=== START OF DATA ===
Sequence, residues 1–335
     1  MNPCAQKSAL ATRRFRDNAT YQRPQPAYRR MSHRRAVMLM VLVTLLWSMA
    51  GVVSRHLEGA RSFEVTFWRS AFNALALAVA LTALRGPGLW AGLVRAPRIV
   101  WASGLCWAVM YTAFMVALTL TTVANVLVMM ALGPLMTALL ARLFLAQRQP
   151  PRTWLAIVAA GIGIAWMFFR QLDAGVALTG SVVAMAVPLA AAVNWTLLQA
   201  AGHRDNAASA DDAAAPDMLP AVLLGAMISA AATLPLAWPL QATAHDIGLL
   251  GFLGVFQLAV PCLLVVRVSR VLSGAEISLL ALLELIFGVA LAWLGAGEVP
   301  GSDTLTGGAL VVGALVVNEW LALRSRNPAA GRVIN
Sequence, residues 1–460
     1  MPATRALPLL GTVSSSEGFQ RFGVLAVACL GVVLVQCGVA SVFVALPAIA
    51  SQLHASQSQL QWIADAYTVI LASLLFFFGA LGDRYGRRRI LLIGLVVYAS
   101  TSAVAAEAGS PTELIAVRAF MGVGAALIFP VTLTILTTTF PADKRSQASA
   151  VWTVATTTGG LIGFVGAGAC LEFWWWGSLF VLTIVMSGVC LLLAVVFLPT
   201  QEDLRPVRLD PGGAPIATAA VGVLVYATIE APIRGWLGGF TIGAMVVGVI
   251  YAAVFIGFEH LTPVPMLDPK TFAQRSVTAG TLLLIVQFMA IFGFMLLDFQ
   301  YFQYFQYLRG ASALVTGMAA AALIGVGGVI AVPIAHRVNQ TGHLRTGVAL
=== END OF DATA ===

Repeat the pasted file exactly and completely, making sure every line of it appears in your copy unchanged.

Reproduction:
Sequence, residues 1–335
     1  MNPCAQKSAL ATRRFRDNAT YQRPQPAYRR MSHRRAVMLM VLVTLLWSMA
    51  GVVSRHLEGA RSFEVTFWRS AFNALALAVA LTALRGPGLW AGLVRAPRIV
   101  WASGLCWAVM YTAFMVALTL TTVANVLVMM ALGPLMTALL ARLFLAQRQP
   151  PRTWLAIVAA GIGIAWMFFR QLDAGVALTG SVVAMAVPLA AAVNWTLLQA
   201  AGHRDNAASA DDAAAPDMLP AVLLGAMISA AATLPLAWPL QATAHDIGLL
   251  GFLGVFQLAV PCLLVVRVSR VLSGAEISLL ALLELIFGVA LAWLGAGEVP
   301  GSDTLTGGAL VVGALVVNEW LALRSRNPAA GRVIN
Sequence, residues 1–460
     1  MPATRALPLL GTVSSSEGFQ RFGVLAVACL GVVLVQCGVA SVFVALPAIA
    51  SQLHASQSQL QWIADAYTVI LASLLFFFGA LGDRYGRRRI LLIGLVVYAS
   101  TSAVAAEAGS PTELIAVRAF MGVGAALIFP VTLTILTTTF PADKRSQASA
   151  VWTVATTTGG LIGFVGAGAC LEFWWWGSLF VLTIVMSGVC LLLAVVFLPT
   201  QEDLRPVRLD PGGAPIATAA VGVLVYATIE APIRGWLGGF TIGAMVVGVI
   251  YAAVFIGFEH LTPVPMLDPK TFAQRSVTAG TLLLIVQFMA IFGFMLLDFQ
   301  YFQYFQYLRG ASALVTGMAA AALIGVGGVI AVPIAHRVNQ TGHLRTGVAL